594 F.2d 1179 (8th Cir. 1979), 78-1229, Professional Beauty Supply, Inc. v. National Beauty Supply, Inc.

Docket Nº:78-1229.
Citation:594 F.2d 1179
Party Name:PROFESSIONAL BEAUTY SUPPLY, INC., a Minnesota Corporation, v. NATIONAL BEAUTY SUPPLY, INC., a Minnesota Corporation, Appellant, v. LA MAUR INC., Appellee.
Case Date:February 27, 1979
Court:United States Courts of Appeals, Court of Appeals for the Eighth Circuit
 
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Page 1179

594 F.2d 1179 (8th Cir. 1979)

PROFESSIONAL BEAUTY SUPPLY, INC., a Minnesota Corporation,

v.

NATIONAL BEAUTY SUPPLY, INC., a Minnesota Corporation, Appellant,

v.

LA MAUR INC., Appellee.

No. 78-1229.

United States Court of Appeals, Eighth Circuit

February 27, 1979

Submitted Sept. 14, 1978.

Page 1180

Jane A. McTaggart, of Gainsley, Squier & Korsh, Minneapolis, Minn., for appellant; Thomas J. Squier, Minneapolis, Minn., on brief.

Robert L. Barrows, of Leonard, Street & Deinard, Minneapolis, Minn., for appellee; Charles A. Mays, Minneapolis, Minn., on brief.

Before HEANEY and STEPHENSON, Circuit Judges, and HANSON, [*] Senior District Judge.

STEPHENSON, Circuit Judge.

National Beauty Supply, Inc. (National) appeals from the dismissal by the district court 1 of its third-party complaint against

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La Maur Inc. (La Maur) for failure to state a claim upon which relief could be granted. 2 At this stage of the proceedings the issue is whether under any set of facts National could be entitled to contribution or indemnification from La Maur pursuant to either federal or Minnesota law. By dismissing the third-party complaint the district court held that neither contribution nor indemnification was available to National. We affirm in part, reverse in part, and remand for further proceedings consistent with this opinion.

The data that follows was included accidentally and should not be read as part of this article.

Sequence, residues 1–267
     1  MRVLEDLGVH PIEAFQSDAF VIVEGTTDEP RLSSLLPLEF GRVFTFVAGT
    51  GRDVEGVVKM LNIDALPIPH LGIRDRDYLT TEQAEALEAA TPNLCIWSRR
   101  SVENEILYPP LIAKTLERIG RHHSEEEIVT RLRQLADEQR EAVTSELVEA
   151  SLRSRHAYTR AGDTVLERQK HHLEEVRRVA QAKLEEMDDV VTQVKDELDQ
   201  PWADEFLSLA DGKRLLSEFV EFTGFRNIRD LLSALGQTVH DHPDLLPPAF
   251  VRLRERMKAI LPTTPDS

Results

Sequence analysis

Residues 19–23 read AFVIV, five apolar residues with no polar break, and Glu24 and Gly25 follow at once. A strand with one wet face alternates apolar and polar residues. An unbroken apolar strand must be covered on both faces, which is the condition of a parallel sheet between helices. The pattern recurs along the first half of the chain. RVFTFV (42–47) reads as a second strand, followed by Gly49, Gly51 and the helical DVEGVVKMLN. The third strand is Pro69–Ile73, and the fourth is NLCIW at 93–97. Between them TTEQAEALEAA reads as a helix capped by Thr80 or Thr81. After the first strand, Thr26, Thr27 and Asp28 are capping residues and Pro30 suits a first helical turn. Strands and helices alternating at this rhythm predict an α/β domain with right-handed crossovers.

This action was originally commenced by Professional Beauty Supply, Inc. (Professional) against National. In its complaint, Professional, a wholesaler of beauty supplies, alleged that National, also a wholesaler of beauty supplies, demanded that La Maur, a manufacturer of beauty supplies, grant National an exclusive dealership for La Maur's products in Minnesota. It was further alleged that as a result of these demands Professional was terminated as a La Maur dealer on April 2, 1973. In Count I of its complaint Professional claimed that the acts of National were done to monopolize or in an attempt to monopolize or to combine or conspire with another person to monopolize a part of trade or commerce in violation of federal antitrust law, 15 U.S.C. § 2. In Counts II and III, respectively, Professional claimed that the same acts constituted a violation of Minnesota antitrust law, Minn.Stat.Ann. §§ 325.8014, 325.8015, and a tortious interference with Professional's business relationship with La Maur.